Our welcomes are not always so hearty. When we ventured to the now-defunct date mecca Meritage in Bucktown, the staff seemed coolly impassive, as if we were a little odd for coming there. But the room was empty at the time, so they weren’t too worried about a kid ruining their vibe.
Mia was my date too at the romantic Geja’s in Lincoln Park. The hostess gave off some serious what-are-you-doing-here-with-a-kid vibes even though my daughter met the age limit (children must be at least 10 to dine there). But the waiters went overboard to be sure Princess Mia had everything she wanted for her fondue.
At most restaurants, few bat an eye. Our server at Crust recommended the wonderful flammkuchen despite its kid-risky bechamel sauce and caraway seeds. When we go for lahmacun at Turquoise, our service is always crisp and excellent. Kaze, the Russian Tea Room and Chinatown’s Happy Chef treated Mia like everyone else.
And then there was the man at Lincoln Square’s Cafe Descartes, who was so tickled that she likes decaf coffee that he gave her samples of every single flavor of gelato. Yes, all of them. We didn’t burst his bubble by mentioning that we just polished off some Cold Stone Creamery—the gelato was far more interesting anyway.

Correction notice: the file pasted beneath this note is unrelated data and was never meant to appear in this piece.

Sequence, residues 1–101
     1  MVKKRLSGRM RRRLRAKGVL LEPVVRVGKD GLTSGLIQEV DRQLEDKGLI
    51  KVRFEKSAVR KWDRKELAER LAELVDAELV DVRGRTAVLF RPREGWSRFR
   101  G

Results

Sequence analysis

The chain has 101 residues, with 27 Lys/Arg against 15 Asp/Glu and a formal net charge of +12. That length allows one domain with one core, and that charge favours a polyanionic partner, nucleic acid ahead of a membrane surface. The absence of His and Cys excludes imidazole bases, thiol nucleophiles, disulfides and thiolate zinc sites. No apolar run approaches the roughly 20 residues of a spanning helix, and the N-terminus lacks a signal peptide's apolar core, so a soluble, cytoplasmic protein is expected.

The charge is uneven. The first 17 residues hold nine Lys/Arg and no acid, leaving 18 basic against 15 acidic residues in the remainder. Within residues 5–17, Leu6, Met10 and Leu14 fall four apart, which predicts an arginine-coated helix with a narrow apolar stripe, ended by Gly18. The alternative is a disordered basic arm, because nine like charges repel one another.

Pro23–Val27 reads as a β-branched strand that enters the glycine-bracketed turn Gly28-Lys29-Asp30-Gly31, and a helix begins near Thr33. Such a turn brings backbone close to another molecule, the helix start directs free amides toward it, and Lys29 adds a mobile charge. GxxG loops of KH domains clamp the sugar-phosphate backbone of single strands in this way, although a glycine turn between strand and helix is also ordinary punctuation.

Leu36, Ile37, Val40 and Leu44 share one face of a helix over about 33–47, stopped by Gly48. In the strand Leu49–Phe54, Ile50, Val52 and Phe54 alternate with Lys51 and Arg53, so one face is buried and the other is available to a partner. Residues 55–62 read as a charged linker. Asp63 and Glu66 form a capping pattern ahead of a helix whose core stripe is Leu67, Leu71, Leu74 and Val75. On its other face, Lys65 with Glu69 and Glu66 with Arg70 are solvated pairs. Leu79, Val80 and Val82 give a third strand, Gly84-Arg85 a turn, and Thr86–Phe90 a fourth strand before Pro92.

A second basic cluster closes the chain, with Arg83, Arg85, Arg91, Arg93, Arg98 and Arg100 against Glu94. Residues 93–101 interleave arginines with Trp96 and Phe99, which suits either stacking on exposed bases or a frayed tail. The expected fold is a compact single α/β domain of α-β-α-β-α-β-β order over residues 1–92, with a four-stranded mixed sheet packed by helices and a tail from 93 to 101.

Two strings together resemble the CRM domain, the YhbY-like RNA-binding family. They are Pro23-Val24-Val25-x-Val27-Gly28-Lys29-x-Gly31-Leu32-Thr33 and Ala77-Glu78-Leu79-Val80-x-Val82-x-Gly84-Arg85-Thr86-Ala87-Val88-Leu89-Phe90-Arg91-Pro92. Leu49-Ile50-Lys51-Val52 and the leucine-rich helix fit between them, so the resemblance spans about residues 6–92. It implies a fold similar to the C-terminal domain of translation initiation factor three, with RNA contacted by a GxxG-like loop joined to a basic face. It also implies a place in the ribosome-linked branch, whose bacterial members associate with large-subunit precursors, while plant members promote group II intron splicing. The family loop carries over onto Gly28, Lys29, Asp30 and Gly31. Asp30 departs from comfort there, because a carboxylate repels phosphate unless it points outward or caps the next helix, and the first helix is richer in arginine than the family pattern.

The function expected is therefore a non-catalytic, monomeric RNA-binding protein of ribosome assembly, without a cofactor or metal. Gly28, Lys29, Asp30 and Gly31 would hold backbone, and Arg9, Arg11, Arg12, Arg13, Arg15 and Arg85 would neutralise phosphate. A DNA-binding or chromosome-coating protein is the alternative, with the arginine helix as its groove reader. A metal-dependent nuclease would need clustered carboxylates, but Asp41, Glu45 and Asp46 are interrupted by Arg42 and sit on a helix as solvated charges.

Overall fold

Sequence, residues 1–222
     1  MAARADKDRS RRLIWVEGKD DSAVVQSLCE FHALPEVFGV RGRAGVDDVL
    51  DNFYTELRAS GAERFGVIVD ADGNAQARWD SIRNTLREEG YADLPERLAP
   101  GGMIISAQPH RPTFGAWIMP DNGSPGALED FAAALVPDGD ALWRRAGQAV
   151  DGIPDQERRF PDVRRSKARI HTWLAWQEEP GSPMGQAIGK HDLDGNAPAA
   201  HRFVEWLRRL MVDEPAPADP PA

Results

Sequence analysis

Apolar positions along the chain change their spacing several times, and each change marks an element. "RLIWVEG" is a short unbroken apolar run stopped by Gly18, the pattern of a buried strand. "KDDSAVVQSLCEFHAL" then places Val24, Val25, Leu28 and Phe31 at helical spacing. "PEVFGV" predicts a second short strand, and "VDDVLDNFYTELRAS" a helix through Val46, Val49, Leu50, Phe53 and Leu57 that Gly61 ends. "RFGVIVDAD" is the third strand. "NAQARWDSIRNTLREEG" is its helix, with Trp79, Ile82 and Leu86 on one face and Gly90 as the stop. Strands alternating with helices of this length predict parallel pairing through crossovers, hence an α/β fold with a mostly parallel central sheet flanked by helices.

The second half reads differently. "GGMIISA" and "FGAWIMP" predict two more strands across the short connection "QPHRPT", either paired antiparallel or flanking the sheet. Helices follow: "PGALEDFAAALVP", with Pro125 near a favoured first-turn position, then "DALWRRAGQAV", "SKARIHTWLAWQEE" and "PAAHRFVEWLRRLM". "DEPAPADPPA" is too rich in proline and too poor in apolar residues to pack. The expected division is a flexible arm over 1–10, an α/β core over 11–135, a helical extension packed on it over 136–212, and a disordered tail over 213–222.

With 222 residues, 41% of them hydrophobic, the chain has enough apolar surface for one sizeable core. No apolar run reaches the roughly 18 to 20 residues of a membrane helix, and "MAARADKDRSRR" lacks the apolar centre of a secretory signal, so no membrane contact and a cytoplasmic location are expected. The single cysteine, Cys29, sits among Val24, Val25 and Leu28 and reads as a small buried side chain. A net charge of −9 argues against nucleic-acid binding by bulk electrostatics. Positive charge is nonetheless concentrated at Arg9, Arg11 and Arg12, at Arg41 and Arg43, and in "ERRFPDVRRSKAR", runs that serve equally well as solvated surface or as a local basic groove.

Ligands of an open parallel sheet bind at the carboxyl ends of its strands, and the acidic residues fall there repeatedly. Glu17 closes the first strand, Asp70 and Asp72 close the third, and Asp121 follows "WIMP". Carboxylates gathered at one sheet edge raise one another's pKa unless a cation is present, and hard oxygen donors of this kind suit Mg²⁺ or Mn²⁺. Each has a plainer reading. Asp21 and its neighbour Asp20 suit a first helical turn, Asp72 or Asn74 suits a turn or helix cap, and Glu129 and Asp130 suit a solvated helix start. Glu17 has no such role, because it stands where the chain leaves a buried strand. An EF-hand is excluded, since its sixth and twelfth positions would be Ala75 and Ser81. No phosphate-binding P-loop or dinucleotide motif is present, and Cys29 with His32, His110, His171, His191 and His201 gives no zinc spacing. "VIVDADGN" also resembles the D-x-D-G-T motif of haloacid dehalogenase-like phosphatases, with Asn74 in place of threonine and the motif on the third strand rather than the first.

We usually embark on our adventures early on a Sunday evening. Turns out that’s an ideal time to try dining out with kids, says Melissa Graham, a mom, a chef and president of Purple Asparagus, a nonprofit encouraging good eating for families (www.purpleasparagus.com).
In fact, a new program the organization hopes to launch this spring will feature a series of prix fixe meals at a yet-to-be-decided list of restaurants from 5 to 7 p.m. Sundays, offering smaller portions of grownup food for families to try. Project Dine Out “gives parents a way to go to a restaurant that doesn’t have a kids’ menu and still have a good meal,” Graham says.
Graham’s son, Thor, is now 4. He’s been enjoying Japanese and organics with his mom and his dad, Michael, for years. Graham suggests “taking something that might be unfamiliar and putting it in context with something they like.” Thor loves steak, so he was quite willing to try lamb when she presented it as “lamb steak.”